Robert Power portrait

Written by Rob Power

Dr Rob Power is an award-winning teacher, educational consultant and cultural historian specialising in global history and indigenous knowledge. Before returning to academia as a lecturer at the London School of Economics and Political Science in 2018, and more recently as founder of Powerful Histories, Rob was Head of History and Politics at a leading independent school in Oxfordshire.

Indigenous Knowledge should be central to curriculum diversity initiatives

On 13th September 2007, the General Assembly of the United Nations adopted The Declaration of the Rights of Indigenous Peoples. Enshrined in the document was a commitment to uphold standards for the survival, dignity and well-being of the Indigenous peoples of the world. 

In recent years, there has been a growing recognition of the importance of incorporating indigenous knowledge into education. Indigenous knowledge refers to the unique knowledge, traditions, practices, and beliefs of indigenous communities. It is knowledge that has been passed down from generation to generation and encompasses ways of knowing, being, and doing that are rooted in a deep understanding of the natural world and the relationship between humans and the environment. 

As schools throughout the world begin to consider ways in which to develop sustainable practices, the prioritisation of connection to our living environment occupies centre stage. It is in this context that Indigenous knowledge can be particularly impactful. Inclusion of non-appropriated Indigenous knowledge into our teaching – on issues such as the environment, community, climate, medicine, economics and science – isn’t just about creating a culturally relevant and culturally responsive curricula. It can also help to create a more equitable and inclusive learning environment that recognises and values diversity within our own communities.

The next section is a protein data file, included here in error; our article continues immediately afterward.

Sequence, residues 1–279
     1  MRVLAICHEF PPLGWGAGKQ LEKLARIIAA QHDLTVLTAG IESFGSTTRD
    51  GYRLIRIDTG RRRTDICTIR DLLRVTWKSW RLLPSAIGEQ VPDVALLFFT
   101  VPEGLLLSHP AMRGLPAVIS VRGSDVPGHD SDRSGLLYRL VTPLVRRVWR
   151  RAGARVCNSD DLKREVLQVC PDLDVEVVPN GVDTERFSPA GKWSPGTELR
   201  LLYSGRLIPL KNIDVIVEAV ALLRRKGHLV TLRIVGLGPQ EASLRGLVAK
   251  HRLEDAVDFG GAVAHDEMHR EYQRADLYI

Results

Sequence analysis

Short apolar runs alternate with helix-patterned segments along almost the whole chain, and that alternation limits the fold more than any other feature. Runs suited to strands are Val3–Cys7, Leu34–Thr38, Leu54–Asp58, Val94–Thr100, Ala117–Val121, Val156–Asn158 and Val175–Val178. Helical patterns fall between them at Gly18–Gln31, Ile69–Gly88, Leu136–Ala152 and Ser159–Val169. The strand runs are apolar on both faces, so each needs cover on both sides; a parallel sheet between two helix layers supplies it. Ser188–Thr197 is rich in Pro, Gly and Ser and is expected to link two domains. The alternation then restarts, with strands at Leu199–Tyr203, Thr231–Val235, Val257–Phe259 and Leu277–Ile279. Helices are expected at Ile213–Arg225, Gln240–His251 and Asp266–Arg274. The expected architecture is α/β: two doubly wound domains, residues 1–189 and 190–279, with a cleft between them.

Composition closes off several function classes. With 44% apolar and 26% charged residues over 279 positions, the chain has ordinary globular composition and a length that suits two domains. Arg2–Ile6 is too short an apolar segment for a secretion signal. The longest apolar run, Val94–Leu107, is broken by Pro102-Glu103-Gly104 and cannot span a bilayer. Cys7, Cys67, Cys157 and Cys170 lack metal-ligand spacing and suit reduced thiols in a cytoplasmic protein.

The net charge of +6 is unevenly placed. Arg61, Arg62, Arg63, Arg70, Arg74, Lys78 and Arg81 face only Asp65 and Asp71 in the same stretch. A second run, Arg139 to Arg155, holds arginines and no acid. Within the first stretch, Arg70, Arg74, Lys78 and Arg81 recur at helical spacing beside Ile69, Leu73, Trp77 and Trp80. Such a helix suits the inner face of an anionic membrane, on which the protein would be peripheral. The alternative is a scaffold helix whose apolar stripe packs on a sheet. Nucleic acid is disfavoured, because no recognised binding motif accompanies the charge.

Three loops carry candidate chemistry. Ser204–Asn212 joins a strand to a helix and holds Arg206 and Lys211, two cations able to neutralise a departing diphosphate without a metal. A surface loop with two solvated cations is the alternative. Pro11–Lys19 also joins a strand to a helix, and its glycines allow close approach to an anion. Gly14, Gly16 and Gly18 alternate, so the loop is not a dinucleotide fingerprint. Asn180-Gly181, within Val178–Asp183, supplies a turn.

The community-based approach to problem-solving that lies at the core of Indigenous knowledge systems should have a place in every school. Whilst honouring the robust and deep knowledge held by Indigenous communities, we help our learners to bridge divisions between cultures and constructed knowledge hierarchies and develop a holistic understanding of history, culture and the natural world. It can be a powerful tool for promoting social justice, encouraging pupils to critically reflect on the effects of forced assimilation, cultural genocide, and ongoing social and economic marginalisation of indigenous peoples.

Indigenous Knowledge in the Curriculum

Incorporating Indigenous knowledge into our teaching should go beyond rudimentary case studies. Prioritising the voices and experiences of indigenous peoples and communities, involving indigenous community members in design of curriculum and assessment materials, and utilising knowledge acquisition pathways of the communities we are studying is essential.  Prioritising Indigenous knowledge thus not only affords an opportunity to diversify our curriculum, but to globalise our teaching.